Those are the three most common. If it's an exclusive option, if you're going to trust a producer to walk around this town trying to sell the rights to your book as a film or TV show, if they're not offering you a lot of money upfront then you wanna try to decrease the window that they have it for as short as possible because what if they don't do their job? What if they have the book for six months and they were unable to set it up?

And you can keep playing that until you find the right person who sets it up at the right place. But if it doesn't, no harm, no foul and six months later, you now have the rights to your book back and you go, you know, and shop it somewhere else. Joanna: One big question would be about the current market. We know Amazon Studio has kind of an open website where anyone can pitch submissions.

What about Netflix? Adam: There are a lot of buyers, more buyers than ever. The places you named like Amazon and Netflix, those people come from another industry. That's tech money. That's a whole different kind of money. They have more money than any of these studios. Okay, we'll double it, We don't also sell diapers. We don't also have subscription things. We don't also do all these other things that they're doing.

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But because of that, for you as the author or for me as the writer, to entice these places that don't do it as often as like a cable place that's been doing it for 20 or 30 years, they, a lot of times, you want to see a lot more than a script. So you have to come in with a producer and regular TV as well, but come in with a package. It's got this very famous movie actress who usually only does movies attached to star.

It's got this indie director who's just coming off an audience award at Sundance. Because for Amazon and Netflix and Hulu and some of these places, they're looking at the metrics. This star's bankability is worth this much. Oh, this director's last movie did this. Also, a lot of the streaming places don't do a traditional pilot like network and cable do. They a lot of times are ordering straight to series.

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So because of that, if they're going to outlay money for 10 or 12 episodes, they want a pretty established hot team to come in and do it. If we don't like the pilot, we just won't order it to series. Joanna: It's interesting. I guess people listening who are authors of books, they're not gonna have people attached to a project. I think that's probably your level, the producer level.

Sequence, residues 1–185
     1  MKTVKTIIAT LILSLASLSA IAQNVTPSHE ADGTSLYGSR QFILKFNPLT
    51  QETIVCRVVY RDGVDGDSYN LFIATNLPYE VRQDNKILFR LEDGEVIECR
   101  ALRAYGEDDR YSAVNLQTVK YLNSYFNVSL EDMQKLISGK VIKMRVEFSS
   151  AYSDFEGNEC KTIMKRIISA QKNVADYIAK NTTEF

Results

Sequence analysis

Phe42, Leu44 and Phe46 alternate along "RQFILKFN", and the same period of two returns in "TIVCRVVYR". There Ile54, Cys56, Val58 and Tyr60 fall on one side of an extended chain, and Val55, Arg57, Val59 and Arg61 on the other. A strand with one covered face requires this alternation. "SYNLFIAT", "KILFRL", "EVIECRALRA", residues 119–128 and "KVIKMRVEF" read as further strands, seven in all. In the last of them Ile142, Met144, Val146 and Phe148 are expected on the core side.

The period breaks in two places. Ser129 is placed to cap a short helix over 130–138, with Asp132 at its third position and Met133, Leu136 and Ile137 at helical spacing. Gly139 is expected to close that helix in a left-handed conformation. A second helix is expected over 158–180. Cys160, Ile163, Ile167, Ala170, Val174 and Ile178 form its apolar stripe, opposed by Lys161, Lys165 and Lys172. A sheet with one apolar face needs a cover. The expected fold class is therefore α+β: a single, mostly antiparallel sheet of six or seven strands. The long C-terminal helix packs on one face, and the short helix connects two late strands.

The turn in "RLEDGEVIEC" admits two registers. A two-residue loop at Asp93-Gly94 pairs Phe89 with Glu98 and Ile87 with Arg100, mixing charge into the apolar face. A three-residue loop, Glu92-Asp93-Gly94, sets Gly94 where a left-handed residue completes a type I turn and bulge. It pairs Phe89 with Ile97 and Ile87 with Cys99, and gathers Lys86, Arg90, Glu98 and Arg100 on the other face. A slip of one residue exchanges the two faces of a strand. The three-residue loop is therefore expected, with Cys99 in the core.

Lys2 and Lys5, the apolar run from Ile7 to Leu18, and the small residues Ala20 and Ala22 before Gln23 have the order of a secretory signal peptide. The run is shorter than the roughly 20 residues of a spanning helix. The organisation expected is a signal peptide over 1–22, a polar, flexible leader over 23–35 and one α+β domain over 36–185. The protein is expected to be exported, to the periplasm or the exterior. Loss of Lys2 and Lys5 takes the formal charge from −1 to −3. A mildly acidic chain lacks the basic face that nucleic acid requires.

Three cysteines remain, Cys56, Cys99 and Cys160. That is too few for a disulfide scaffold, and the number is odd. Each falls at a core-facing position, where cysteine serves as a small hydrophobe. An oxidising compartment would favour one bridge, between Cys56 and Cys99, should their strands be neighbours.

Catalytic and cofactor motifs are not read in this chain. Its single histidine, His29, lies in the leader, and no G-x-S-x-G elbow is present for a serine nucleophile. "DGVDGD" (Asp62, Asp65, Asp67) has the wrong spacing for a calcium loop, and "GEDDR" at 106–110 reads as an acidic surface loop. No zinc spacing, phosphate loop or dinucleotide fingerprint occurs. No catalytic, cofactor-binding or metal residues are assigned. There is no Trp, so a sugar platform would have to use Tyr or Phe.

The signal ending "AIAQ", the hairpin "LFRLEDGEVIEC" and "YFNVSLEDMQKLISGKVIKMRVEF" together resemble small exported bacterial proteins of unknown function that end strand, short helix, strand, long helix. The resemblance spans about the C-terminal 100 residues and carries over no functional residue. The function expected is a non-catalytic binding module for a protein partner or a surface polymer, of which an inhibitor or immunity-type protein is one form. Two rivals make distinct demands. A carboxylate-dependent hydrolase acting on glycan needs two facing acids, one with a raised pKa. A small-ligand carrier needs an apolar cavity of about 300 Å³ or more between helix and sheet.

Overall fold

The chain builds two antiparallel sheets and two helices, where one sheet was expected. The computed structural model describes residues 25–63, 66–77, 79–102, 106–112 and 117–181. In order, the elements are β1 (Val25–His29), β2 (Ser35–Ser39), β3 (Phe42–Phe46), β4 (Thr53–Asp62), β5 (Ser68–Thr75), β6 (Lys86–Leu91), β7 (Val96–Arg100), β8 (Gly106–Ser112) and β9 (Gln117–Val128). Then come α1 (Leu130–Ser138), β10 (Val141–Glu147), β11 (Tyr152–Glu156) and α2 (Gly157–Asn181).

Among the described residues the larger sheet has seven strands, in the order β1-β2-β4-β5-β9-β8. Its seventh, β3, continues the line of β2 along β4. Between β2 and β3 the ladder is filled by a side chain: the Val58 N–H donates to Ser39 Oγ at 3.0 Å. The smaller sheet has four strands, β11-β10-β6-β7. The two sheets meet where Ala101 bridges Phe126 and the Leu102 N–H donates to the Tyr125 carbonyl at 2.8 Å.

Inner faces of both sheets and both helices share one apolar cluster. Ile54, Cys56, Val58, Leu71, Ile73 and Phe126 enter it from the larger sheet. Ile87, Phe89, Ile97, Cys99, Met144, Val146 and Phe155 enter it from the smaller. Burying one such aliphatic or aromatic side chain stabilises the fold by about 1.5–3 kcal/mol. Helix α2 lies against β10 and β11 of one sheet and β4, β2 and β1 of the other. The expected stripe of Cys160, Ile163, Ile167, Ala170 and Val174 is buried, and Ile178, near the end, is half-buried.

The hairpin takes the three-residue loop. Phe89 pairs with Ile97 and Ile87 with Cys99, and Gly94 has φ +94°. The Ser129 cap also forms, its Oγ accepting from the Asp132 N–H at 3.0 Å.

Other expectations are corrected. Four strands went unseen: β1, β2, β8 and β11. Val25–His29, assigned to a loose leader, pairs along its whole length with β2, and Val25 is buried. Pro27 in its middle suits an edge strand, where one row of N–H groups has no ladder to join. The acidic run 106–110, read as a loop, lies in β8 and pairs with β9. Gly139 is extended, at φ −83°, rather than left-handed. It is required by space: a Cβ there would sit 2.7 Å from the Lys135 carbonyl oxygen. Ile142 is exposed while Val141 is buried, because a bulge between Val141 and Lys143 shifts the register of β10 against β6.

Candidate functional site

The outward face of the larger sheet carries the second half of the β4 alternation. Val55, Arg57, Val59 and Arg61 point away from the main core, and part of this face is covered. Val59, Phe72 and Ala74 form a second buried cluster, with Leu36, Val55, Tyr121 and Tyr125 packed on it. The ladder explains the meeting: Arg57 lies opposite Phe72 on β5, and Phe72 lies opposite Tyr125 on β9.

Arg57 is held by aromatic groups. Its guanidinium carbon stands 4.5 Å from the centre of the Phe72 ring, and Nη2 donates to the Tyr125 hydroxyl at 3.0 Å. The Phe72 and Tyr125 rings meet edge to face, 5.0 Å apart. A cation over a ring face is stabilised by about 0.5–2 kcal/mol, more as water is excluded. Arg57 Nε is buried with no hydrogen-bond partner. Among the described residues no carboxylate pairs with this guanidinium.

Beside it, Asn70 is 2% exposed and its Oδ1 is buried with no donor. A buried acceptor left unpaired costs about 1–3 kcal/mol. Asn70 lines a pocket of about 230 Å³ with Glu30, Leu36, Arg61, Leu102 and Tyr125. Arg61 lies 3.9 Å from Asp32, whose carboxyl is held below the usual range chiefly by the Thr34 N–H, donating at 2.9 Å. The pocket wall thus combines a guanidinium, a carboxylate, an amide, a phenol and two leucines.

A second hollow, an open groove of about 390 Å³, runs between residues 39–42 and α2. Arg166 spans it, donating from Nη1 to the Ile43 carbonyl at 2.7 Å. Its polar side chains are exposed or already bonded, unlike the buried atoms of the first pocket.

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So, coming back to my level, say, well, I've got a screenwriter right now. Joanna: British setting with a female and a bit of a supernatural thing. So, you know, I have some books. She won an award but no credits. We're completely unknown. We don't even have agent. Adam: First step is definitely the agent representation. In lieu of that though, what I would do is you mentioned those two shows, Luther and Jessica Jones, two great shows.

I watch both of them. I would make a list of 12 shows that are similar to what you guys are doing, similar in a good way, not a bad way. And I would try to reach out directly and contact a producer for production companies responsible for those shows. A lot of people find a genre or a brand and make other stuff in that.


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It sounds like yours is a thriller. Joanna: It's a good idea. It's one of those things, you think you need people…like being an author, or being anywhere, when you're on the outside completely you just have to get started, don't you? And a lot of it is about making relationships over time. Joanna: It's a one-act play but it had F. Joanna: And he was like literally right here by my face. I was in the front row and I was like, hey, that's really weird.

Adam: It was amazing.

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I've been doing them for like eight years now but on the side. I'm just going to practice and play with dialogue and I'm not going to worry about what it looks like on the screen or what…if it'll sell as a movie. These are just for fun.

I have started to get a bunch of them and I wasn't showing them to anyone.